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Effective leader development should have a strong foundation. Leader development is derived from self development and self awareness. It allows you to grow and learn as the threats and challenges to our way of life surface. Life-long self-development enhances learning in institutional and operational arenas. Although it is probably one of the least discussed leadership competencies, self-awareness is by far one of the most important. Self-awareness is always being conscious of what you're proficient at, while acknowledging the areas you need to work on or have yet to learn. On a more personal level, self-awareness of your strengths and weaknesses helps generate trust from others and increases your credibility. Both will significantly increase your leadership effectiveness. A Soldier's character is exceedingly important. The moral and ethical qualities help determine what is right and give a leader motivation to do what is right, regardless of the situation or the cost. As a senior leader, you need to use doctrine and other resources to determine the method that you will use. This paper will identify the Army's strategies on leader development, self-development, and self awareness and I will add my personal perspectives. Institutional training can greatly improve a soldier's ability to lead effectively by enhancing their strengths, identifying their weaknesses, and submitting to them that self-development is very instrumental to the very nature of becoming an effective leader.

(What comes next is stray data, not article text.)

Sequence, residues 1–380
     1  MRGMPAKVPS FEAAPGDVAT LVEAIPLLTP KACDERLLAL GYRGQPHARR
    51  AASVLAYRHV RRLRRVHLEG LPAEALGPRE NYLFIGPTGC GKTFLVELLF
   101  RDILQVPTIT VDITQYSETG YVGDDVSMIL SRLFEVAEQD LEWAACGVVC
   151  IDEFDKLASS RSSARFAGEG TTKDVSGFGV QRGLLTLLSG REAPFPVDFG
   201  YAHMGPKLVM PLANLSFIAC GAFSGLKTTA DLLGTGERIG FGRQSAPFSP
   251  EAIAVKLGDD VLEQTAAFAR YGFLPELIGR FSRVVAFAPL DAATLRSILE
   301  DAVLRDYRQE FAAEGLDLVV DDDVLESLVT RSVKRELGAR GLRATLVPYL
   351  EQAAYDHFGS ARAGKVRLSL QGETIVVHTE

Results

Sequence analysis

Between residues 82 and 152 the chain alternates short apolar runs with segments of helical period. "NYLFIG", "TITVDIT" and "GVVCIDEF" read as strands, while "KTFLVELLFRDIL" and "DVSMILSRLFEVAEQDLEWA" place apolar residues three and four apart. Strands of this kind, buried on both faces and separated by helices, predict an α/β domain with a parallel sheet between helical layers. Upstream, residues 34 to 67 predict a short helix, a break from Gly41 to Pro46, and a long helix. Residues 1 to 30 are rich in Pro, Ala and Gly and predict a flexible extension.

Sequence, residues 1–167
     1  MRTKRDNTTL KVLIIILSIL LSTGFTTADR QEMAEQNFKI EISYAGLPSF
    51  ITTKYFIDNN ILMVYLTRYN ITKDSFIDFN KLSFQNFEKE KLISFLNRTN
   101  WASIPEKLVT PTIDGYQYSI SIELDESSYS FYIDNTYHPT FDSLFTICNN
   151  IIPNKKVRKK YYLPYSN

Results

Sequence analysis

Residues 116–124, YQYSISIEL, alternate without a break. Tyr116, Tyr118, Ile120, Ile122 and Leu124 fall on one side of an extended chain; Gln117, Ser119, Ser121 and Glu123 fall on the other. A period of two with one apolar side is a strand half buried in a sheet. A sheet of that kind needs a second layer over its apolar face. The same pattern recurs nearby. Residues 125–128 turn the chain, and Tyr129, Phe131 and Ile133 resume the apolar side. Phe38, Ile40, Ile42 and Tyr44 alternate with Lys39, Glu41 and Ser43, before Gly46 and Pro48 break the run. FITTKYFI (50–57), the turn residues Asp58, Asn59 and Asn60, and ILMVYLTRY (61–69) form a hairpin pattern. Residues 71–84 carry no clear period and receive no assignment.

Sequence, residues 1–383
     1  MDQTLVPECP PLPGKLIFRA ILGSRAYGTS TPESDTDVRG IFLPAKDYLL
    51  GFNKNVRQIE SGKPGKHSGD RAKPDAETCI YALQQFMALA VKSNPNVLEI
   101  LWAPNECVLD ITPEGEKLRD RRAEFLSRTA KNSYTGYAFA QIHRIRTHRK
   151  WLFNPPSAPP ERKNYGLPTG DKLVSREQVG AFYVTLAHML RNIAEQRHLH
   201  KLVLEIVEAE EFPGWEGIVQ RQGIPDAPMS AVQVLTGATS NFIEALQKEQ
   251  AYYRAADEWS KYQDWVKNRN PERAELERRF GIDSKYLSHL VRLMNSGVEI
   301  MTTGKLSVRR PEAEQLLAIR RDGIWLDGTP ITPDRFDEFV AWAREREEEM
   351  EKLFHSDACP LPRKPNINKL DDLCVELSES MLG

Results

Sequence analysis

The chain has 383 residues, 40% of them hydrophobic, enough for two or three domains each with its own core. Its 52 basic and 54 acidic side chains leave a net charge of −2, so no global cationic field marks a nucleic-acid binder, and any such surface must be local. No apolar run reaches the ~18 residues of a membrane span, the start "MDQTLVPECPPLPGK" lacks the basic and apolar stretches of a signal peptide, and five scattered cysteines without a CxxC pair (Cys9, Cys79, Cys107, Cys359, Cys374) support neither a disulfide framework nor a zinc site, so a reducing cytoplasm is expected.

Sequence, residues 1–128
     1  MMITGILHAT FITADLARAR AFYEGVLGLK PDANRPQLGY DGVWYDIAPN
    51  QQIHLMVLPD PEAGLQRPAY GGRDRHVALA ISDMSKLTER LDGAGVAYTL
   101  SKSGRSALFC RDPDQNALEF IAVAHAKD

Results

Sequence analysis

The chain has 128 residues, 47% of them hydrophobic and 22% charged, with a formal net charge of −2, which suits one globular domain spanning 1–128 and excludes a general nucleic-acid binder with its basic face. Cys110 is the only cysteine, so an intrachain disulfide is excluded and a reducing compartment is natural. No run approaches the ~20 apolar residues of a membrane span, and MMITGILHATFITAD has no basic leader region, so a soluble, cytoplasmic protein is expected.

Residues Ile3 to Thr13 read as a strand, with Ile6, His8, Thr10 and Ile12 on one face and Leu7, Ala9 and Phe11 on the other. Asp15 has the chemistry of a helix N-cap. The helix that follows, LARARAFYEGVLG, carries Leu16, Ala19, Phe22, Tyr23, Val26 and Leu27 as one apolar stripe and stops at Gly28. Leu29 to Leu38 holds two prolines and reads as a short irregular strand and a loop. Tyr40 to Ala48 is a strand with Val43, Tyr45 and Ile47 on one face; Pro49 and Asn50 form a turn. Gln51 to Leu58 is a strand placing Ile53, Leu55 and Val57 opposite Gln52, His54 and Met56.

What is Leader development? Leaders must always identify areas that need improvement and prioritize the opportunities as part of life-long learning. Once these areas have been identified and prioritized, developing and following a comprehensive plan will maximize the tools that include military professional development training, operational assignments, and self-development, therefore generating vast improvement in leadership.
Leader development, through self-development and self-awareness, are integral parts to the overall success of our future leaders. These attributes are the cornerstone of an effective leader.
Leader Development is the deliberate, continuous, sequential, and progressive process, grounded in Army Values that grows Soldiers and civilians into competent and confident leaders capable of decisive action (Army Regulation 600-100, (2007), p. 4).
Leaders must be able to operate independently in an ambiguous, dynamic, and politically sensitive environment. Leaders at all levels must be able to communicate, coordinate, and negotiate with a variety of personnel, including joint and coalition forces, interagency partners, nongovernmental organizations, local leaders, U.S. and foreign media, civilians, contractors, and people of different cultures and languages. Leaders must maintain tactical and technical competence, as applicable in their designated fields; keep abreast of, and remain adept in advances in information technology; and maintain their knowledge of the standards of conduct, policy, law, rules of engagement, and the Geneva Conventions (Army Regulation 600-100, (2007), p. 1).